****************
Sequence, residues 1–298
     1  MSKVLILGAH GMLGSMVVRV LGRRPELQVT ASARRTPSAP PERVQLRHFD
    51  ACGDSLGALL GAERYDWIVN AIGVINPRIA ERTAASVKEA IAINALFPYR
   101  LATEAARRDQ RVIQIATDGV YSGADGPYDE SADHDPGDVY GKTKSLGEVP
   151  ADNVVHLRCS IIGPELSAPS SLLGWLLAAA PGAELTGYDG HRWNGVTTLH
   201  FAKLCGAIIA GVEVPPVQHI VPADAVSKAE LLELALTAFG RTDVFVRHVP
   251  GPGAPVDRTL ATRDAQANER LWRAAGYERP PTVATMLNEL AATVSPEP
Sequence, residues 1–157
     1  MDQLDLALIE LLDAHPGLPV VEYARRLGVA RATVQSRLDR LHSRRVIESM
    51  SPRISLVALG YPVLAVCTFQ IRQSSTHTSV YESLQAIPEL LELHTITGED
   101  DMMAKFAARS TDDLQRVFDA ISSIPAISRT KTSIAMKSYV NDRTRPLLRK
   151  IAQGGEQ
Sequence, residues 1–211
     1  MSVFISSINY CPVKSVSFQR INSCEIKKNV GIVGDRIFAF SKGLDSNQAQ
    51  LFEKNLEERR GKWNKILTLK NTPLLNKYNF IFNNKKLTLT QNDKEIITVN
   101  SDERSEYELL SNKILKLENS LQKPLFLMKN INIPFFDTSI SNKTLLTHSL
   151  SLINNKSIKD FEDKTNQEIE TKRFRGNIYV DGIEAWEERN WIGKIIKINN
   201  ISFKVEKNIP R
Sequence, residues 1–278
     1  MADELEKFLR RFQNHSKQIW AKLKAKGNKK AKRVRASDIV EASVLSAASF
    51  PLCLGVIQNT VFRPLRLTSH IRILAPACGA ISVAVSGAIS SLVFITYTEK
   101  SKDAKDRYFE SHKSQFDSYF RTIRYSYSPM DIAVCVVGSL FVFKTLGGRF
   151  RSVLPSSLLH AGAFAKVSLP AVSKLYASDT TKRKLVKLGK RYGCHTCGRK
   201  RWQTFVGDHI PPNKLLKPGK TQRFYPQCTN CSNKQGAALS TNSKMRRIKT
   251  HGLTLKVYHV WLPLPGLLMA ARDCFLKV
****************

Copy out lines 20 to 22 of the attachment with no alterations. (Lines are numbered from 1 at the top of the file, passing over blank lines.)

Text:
     1  MADELEKFLR RFQNHSKQIW AKLKAKGNKK AKRVRASDIV EASVLSAASF
    51  PLCLGVIQNT VFRPLRLTSH IRILAPACGA ISVAVSGAIS SLVFITYTEK
   101  SKDAKDRYFE SHKSQFDSYF RTIRYSYSPM DIAVCVVGSL FVFKTLGGRF